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New jobless claims rise, trade gap narrows

The number new claims for jobless benefits rose more than expected last week, but a  narrowing in the trade gap in October suggested the recovery was becoming entrenched.
In this photo made Friday, Dec. 4, 2009, James Lorentz uses a computer to apply for a job at a job center for the soon to open River City Casino in St. Louis. The tally of newly laid-off workers seeking jobless benefits increased more than expected last week.Jeff Roberson / AP
/ Source: Reuters

The number of U.S. workers filing new claims for jobless benefits rose more than expected last week, but a surprise narrowing in the trade gap in October suggested the economic recovery was becoming entrenched.

Initial claims for state unemployment insurance rose 17,000 to 474,000 last week, the Labor Department said on Thursday, after five straight weeks of declines.

Analysts polled by Reuters had forecast claims climbing but only to 460,000. A Labor Department economist said claims had been bumped up by seasonal industries laying people off and by applications that had been held back during the Thanksgiving holiday week.

A separate report from the Commerce Department showed the nation's trade deficit in October shrank 7.6 percent to $32.9 billion. Analysts had expected the gap to widen to about $36.8 billion.

"Overall we are in an environment where layoffs are abating but people who were fired are still having a difficult time in finding jobs. The trade deficit is worth a couple of tenths" for fourth-quarter economic growth, said Tom Porcelli, senior economist at RBC Capital Markets in New York.

U.S. stock index futures trimmed gains on the claims data, while the dollar fell against the euro.

The labor market, considered the missing link in the economy's recovery from the most crippling recession since the 1930s, is slowly healing. Government data last week showed employers cut a mere 11,000 jobs in November.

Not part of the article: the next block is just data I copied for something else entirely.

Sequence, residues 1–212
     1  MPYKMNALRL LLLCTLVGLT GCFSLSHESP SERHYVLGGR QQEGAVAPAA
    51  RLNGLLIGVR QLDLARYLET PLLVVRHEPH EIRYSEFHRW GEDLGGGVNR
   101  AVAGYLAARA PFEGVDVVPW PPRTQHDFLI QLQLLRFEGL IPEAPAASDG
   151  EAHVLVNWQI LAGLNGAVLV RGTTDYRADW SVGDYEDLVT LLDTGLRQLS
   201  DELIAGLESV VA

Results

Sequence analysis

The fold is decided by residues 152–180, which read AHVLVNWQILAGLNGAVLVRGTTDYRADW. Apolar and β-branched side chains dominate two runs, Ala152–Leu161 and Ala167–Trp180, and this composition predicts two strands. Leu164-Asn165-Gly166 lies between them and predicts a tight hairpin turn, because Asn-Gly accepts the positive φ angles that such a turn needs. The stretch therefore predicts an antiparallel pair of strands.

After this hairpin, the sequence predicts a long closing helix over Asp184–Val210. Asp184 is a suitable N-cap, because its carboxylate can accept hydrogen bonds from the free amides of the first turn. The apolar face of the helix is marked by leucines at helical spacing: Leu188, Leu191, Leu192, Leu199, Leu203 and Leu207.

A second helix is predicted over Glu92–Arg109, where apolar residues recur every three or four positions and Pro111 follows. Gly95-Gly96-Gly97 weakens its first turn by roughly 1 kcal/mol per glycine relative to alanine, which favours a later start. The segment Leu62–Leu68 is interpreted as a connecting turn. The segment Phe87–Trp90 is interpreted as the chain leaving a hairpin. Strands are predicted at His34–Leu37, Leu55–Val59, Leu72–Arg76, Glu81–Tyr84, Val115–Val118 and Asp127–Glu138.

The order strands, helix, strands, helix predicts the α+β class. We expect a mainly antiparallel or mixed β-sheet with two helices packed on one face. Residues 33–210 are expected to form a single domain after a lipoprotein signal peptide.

In sign that world trade is slowly shaking off the effects of the global financial crisis, U.S. exports of goods and services were the highest since November 2008 and imports the highest since December 2008.

Good news for Obama
The smaller-than-expected trade gap is likely to prompt analysts to raise their estimates of fourth-quarter economic growth and is good news for the Obama administration, which sees export growth as an avenue for creating jobs.

A stronger rise in imports than exports in the third quarter left a wider trade gap, which constrained economic growth in that period. The economy grew at a 2.8 percent annual rate in July-September quarter, ending four straight quarters of contraction.

Even though claims rose last week, applications for unemployment benefits have dropped from lofty levels in March.

However, they are still holding above the 400,000 level that analysts reckon will signal payrolls growth.

The four-week moving average for new claims dropped 7,750 last week to 473,750, the lowest level since September last year. The four-week moving average, considered a better gauge of underlying trends as it irons out week-to-week volatility, has declined for 14 straight weeks.

"The claims are on a good trend, and the trade number is much better than expected. It's a big plus for fourth-quarter growth forecasts. People will be marking up fourth-quarter growth forecasts after this," Nigel Gault, chief U.S. economist at IHS Global Insight in Lexington, Massachusetts.

The number of workers still collecting benefits after an initial week of aid dropped 303,000 to 5.16 million in the week ended Nov 28, the lowest level since February.

The decline, however, was largely due to people exhausting their benefits and moving to emergency unemployment programs.

This was below market expectations for 5.44 million. The four-week moving average of continuing claims fell 123,500 to 5.42 million, the lowest since March.

The insured unemployment rate, which measures the percentage of the insured labor force that is jobless, fell to 3.9 percent in the week ended November 28 - the lowest since February -- from 4.1 percent the previous week.